Saturday, October 20, 2012

Stereotypes That Refuse To Die

One of the areas on Facebook is called Trust Me I’m an “Engineer.” where humorous (for sometimes interesting definitions of humorous) images are posted. I don’t follow it directly but from time to time images from it show up on my timeline from other people. Last week an image showed up that said “ENGINEERING FACT You know you’re in the wrong class when more than 3 students are female, and they’re all hot.” It annoyed me for several reasons.

ENGINEERING FACT You know you’re in the wrong class when more than 3 students are female, and they’re all hot

First off is the idea that there are very few women in engineering classes. Other than computer science we’re seeing a lot more women in engineering classes these days. Changing the dynamics and getting more women into computer science is an important goal. We need to get to the point were there is no truth in the first part of the “joke.”

Secondly I found the second part, the suggestion that women in engineering are somehow not attractive to be most offensive. Back when I was a student there were more women in CS classes and I’m here to tell you that they were far from unattractive. I also married a woman who took computer science classes and I still find her quite attractive 35 years later. You don’t have to spend much time on the campus of a large high tech company (like a Google or a Microsoft) to see a lot of “hot” women.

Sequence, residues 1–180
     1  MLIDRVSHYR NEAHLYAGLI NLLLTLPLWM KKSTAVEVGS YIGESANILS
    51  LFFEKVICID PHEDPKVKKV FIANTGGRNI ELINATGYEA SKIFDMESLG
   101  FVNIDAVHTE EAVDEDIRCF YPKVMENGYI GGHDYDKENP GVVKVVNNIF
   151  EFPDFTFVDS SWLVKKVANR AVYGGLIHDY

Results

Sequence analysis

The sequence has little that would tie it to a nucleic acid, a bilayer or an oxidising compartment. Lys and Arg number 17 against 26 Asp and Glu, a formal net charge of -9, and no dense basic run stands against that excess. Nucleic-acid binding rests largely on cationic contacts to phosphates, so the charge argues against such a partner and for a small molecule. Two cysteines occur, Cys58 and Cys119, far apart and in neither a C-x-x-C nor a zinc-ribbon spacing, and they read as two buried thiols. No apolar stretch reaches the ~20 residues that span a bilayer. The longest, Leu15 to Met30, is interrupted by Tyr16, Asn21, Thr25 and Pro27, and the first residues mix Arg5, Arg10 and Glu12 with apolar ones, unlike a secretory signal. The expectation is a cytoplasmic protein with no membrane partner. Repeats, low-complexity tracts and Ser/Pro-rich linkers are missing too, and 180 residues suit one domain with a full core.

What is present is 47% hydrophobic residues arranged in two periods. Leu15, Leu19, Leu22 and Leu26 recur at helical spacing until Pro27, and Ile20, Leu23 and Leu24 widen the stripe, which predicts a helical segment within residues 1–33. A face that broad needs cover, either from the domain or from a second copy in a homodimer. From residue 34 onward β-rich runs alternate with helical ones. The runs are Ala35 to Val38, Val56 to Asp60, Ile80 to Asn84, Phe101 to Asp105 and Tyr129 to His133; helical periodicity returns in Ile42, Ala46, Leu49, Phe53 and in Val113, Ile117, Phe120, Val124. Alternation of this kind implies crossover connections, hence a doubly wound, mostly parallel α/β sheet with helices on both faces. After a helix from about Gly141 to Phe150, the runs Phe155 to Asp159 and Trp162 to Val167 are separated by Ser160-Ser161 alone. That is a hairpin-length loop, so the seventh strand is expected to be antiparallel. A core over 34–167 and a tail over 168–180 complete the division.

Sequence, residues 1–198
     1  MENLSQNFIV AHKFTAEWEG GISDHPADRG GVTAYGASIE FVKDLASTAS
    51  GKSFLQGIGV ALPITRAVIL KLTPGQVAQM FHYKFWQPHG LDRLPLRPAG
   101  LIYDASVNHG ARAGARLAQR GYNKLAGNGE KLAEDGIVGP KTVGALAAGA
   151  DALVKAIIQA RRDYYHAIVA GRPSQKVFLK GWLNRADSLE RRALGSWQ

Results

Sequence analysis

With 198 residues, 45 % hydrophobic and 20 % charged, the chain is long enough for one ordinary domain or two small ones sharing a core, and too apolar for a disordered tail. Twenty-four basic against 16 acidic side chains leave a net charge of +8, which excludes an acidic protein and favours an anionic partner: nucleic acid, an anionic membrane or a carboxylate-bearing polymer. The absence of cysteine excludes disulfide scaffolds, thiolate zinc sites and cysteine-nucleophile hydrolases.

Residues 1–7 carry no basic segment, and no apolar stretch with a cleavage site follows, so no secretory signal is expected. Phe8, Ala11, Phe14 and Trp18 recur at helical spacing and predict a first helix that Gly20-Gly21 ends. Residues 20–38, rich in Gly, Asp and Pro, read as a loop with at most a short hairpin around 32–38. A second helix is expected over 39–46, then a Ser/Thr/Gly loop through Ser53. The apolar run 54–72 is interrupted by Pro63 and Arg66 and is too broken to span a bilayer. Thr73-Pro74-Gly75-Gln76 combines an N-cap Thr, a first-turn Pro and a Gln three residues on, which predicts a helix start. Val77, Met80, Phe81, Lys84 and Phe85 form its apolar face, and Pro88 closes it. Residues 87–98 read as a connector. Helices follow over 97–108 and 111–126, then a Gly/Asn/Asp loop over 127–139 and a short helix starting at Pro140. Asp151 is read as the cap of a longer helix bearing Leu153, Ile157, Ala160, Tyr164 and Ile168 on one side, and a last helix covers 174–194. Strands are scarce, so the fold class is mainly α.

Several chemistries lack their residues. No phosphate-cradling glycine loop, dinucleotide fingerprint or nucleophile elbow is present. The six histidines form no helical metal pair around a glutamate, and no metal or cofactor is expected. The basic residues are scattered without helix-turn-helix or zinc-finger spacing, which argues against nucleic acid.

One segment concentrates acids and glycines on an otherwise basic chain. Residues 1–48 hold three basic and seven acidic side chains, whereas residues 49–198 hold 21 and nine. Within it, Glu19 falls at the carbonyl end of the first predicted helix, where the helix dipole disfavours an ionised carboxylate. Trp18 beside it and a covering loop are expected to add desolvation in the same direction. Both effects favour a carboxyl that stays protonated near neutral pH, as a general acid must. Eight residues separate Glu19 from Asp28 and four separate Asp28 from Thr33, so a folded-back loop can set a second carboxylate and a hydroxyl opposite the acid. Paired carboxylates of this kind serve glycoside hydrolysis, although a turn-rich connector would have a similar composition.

Though honestly we shouldn’t be judging people, men or women, on appearance in any group.  Categorizing people as hot or not is a good way to keep people out of a particular area or field of study. The idea that women in engineering are both few and ugly (or at least not hot) is the sort of image that might be discouraging to all sorts of people. Yet these sorts of stereotypes persist.

Signs like the above are more sad than funny to me. The sexism that it represents is a negative that we have to get rid of in order to make life more comfortable for women (and others) in engineering and science fields.

1 comment:

Ed said...

Ahh!!! There are so many ways to comment on this!

One thing I've noticed, is that a woman in marketing (non-tech) will spend more time on her appearance than a woman in tech. I'm not saying either way is right, but it happens. Of course, looking at a group of three technical women like myself, Ashley and Malisa, two out of the three are pretty girly and three out of the three clean up super nicely. :)

I've actually started dressing up a little more when I do events now. I'm not sure if it's because it's getting colder, so flip-flops are no longer viable footwear or what. Right now, I'm more likely to put on some dark jeans and comfy heels (yes, they exist) for my events just to surprise people.